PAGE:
TREATING ATOPIC DERMATITIS: - The Dermatologist

the.dermatologist.com

TREATING ATOPIC DERMATITIS: - The Dermatologist

Atopic Dermatitis/Eczema:

THE RULES

Starting a Skin Care Regimen

• Bathe in lukewarm water for 15 minutes or less, once per day.

Avoid hot water and soaking. This helps to gently exfoliate dead

skin cells without over-drying.

• Use gentle hydrating cleanser, avoid bubble baths and cleanse at

the end of bath time to limit the cleanser-chemical exposure.

• Shampoo scalp 1–2 x/week for 10–15 minutes. Use a shampoo

without cocamidopropyl betaine or formaldehyde-releasing

preservatives.*

• Pat skin dry and thickly apply a ceramide-containing moisturizer

from head to toe while skin is still damp. Moisturizer should be

applied 2x/day. If using a jar, remove the entire application quantity

from the jar at the beginning of the application to prevent

contamination of the jar with application fingers.

• Apply medicated cream to rough, red and/or scaly areas 2x/day

(BEFORE moisturizer).

Avoiding Triggers

• Buy fragrance-free laundry detergents, fabric softeners, soaps,

shampoos, etc. Don’t use fragranced, scent-free or unscented

products, which may contain fragrances or masking scents.

• Purchase a hypoallergenic mattress cover and pillowcase to protect

from dust mites.

• Use comforters that contain wool from sheep that are pesticidefree,

hypoallergenic, and resistant to mold, mildew, and dustmites.

• Vacuum all areas at least 1–2 x/week to decrease dust exposure.

• Consider purchasing a showerhead filter and placing water filters

throughout the house to remove excess minerals and chlorine

from water.

• Keep a food diary to see if skin flares correlate with certain foods.

If you suspect a link, try eliminating one product or food at a

time and (re)introduce foods slowly over a couple of days.

the guidance of your healthcare provider, as severe cases may require

prescription antihistamines.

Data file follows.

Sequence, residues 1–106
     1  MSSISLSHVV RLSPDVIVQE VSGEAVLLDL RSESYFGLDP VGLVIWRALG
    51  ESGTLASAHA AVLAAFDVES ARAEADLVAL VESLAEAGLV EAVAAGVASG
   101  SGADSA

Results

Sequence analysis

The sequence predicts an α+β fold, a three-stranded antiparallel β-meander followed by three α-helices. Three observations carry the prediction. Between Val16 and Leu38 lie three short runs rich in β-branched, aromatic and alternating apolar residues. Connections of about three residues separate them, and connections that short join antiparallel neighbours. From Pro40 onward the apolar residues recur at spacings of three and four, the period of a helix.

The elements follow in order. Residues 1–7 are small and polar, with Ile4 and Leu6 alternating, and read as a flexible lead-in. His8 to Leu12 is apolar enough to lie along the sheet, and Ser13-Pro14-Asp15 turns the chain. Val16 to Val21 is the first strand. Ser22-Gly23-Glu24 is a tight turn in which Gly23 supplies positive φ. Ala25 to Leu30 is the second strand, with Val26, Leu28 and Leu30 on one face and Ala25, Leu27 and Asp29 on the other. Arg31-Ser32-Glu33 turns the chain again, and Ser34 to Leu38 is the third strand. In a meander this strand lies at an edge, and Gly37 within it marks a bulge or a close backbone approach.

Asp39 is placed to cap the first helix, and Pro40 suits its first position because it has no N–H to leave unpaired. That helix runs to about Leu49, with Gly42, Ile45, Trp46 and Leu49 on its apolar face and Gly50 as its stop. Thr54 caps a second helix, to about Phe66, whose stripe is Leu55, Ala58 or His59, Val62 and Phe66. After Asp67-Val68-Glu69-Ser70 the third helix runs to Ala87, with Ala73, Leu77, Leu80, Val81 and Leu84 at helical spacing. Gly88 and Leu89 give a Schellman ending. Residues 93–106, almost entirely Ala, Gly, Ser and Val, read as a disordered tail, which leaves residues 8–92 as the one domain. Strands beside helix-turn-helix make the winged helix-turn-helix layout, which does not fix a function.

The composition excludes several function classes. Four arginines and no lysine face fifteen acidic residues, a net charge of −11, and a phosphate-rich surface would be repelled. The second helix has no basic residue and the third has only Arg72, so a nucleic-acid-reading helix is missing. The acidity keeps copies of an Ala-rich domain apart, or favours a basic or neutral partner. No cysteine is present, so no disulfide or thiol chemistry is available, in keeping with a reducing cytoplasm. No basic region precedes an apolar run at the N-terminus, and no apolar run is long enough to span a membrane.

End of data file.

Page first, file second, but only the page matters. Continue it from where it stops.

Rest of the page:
• Use wet wraps to lock in moisture, assist the skin-penetration

of topical treatment and provide an additional barrier. (See

more below.)

WET WRAPS

1. Apply only for a few days and with healthcare provider knowledge.

2. Wet skin. Apply topical steroid to the dermatitis, followed by

moisturizer.

3. Wrap with single-layer damp gauze dressing followed by drylayer

wraps.

4. Cover with additional barrier, such as the top of a tube sock.

5. Wash hands well after steroid application.

6. Leave on overnight.

Countering Skin Infections and Colonization from

Staphylococcus aureus

• Use aseptic soaks or bleach baths 1–2 x/week to prevent colonization

and infection. Add ¼ cup household bleach to half-full

tub and mix, then soak for 10–15 minutes. Rinse with water afterward

and pat dry (don’t rub).

• Take vitamin D3 daily to increase the skin’s resistance to bacteria.

• Intranasal antibiotic may be prescribed by your provider to decrease

colonization of bacteria.

• Weeping, moist, cracked or fissured eczema may require prescription

antibiotics.

Controlling the Itch

• Scratching worsens atopic dermatitis because it disrupts the skin’s

natural barrier and causes it to become more reactive.

• Use emollients with a ceramide to restore the skin’s natural

moisture barrier.

• Antihistamines are oral medications that can help suppress itch.

However, some may cause drowsiness. They can be used with

A Word About Corticosteroids

• Corticosteroid cream and ointment strength depends on the

name and is not based on the percentage on the label.

These should be used only as directed by your healthcare

provider, as potential long-term side effects include skin thinning,

acne, stretch marks, increased small vessel appearance and changes

in skin color.

• Do not use on face, underarms or groin unless prescribed

to do so.

*Formaldehyde-releasing preservatives. Quaternium-15, Bronopol, Imidazolidinyl

urea, Diazolidinyl urea, Dimethylol-dimethyl hydantoin

and Benzylhemiforma


Supplement to Skin & Aging ◆ January 2011 11

Patient-Education Handout

Accompanying this supplement is a patient handout, which can be found

on page 11 (inside back cover). This handout, The Rules, was created to

provide patients with atopic dermatitis with a reference for starting a skin

care regimen, including the importance of using the right cleansers and moisturizers.

The handout also includes tips for avoiding triggers, the value of

wet wraps, information about how to prevent infection and information about

using corticosteroids.

We hope that you’ll copy this handout or download it from skinandaging.com

to give to your atopic dermatitis patients so that they have written instructions

they can refer to that will reiterate what you discuss with them in your office.

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COPYRIGHT 2011 © HMP COMMUNICATIONS, LLC

2 Januar y 2011 ◆ Supplement to Skin & Aging

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